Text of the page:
GH door and stucco wire

D applied a scratch coat around the bottom 36″ of the building.GH scratch coat

I applied stone, leftovers from the house construction (how-to’s here):stonework on greenhouse

And we applied the “pointing” (or grouting, how-to’s here):greenhouse closeup

D built interior shelves to my specs, using scrap cedar we had lying around:Greenhouse shelves

I planted seedlings,tomatoes, peppers, eggplants, basil:plants in greenhouse

I was disappointed in the harvest – it just seemed that my pampered plants should have done much better in their special greenhouse. There were plenty of pests that got in (including tomato hornworm), and my special organic soil mix lacked calcium, I think, so the tomatoes suffered from Blossom End Rot. It sure is a learning experience!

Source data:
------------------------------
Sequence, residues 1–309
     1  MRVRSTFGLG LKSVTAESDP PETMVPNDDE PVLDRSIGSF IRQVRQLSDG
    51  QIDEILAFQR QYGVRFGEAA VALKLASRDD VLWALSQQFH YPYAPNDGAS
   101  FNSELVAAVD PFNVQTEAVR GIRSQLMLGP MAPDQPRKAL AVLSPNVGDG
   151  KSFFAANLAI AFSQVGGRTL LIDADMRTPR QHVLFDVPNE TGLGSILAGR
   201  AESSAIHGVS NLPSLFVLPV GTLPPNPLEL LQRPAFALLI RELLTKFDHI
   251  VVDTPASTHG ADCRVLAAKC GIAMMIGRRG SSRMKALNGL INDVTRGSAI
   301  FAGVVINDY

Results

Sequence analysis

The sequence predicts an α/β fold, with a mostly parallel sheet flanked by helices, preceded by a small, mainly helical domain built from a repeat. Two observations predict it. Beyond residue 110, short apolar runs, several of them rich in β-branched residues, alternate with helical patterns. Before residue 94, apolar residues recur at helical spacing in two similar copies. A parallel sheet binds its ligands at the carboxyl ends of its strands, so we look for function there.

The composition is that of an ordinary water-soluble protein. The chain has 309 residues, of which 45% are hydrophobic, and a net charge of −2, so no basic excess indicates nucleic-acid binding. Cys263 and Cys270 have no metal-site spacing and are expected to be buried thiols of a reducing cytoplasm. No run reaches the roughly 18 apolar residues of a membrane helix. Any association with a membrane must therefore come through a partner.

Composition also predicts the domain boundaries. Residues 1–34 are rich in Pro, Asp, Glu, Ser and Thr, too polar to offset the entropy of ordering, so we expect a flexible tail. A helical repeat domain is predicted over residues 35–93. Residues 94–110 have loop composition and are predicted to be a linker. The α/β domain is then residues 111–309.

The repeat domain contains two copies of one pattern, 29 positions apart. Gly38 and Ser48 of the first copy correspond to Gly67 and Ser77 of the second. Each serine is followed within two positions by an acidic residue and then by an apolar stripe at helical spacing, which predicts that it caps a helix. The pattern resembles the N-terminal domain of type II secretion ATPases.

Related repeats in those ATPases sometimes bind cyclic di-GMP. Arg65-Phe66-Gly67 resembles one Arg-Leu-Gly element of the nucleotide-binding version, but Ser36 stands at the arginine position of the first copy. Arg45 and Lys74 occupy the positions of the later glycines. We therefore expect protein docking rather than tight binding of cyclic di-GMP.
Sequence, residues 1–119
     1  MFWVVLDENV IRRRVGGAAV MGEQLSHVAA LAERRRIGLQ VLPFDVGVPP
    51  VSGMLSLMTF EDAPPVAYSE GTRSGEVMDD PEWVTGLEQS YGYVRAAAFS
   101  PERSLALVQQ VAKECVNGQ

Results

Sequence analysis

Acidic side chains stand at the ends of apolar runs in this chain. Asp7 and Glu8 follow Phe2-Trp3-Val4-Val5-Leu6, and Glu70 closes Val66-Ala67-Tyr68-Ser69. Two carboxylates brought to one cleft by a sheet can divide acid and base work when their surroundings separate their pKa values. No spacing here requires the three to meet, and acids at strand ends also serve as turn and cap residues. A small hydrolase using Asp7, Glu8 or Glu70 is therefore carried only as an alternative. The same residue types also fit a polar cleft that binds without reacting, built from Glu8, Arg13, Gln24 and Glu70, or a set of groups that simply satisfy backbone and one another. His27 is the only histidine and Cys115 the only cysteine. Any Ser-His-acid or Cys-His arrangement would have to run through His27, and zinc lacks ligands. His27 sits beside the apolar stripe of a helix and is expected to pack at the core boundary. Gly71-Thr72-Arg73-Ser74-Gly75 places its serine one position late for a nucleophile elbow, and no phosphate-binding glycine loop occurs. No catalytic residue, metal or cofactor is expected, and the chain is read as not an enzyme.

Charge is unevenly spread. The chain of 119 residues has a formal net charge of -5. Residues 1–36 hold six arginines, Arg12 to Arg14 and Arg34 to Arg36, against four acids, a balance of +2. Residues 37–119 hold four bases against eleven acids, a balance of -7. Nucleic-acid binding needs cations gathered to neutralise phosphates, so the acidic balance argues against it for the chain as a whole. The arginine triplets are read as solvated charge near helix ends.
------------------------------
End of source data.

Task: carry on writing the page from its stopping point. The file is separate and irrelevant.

Next year, I plan to use beds instead of pots. Will let you know on This Green Life (this blog’s daughter blog) how my continuing experiments pan out.

On the advice of a gardener friend, I have also planted lilacs, which will leaf out in the hot summer to shade the greenhouse, but allow the full sun to heat the GH in the winter when the leaves are gone.lilac near greenhouse

So this is how my little (8 x 10) greenhouse looks today:greenhouse with forest pansy

house and greenhouse

Cost breakdown (estimated):

Concrete pad – $400

Lumber – $150

Shingles – $75

Roof cap – $70

Paint – $100

Total: ~ $800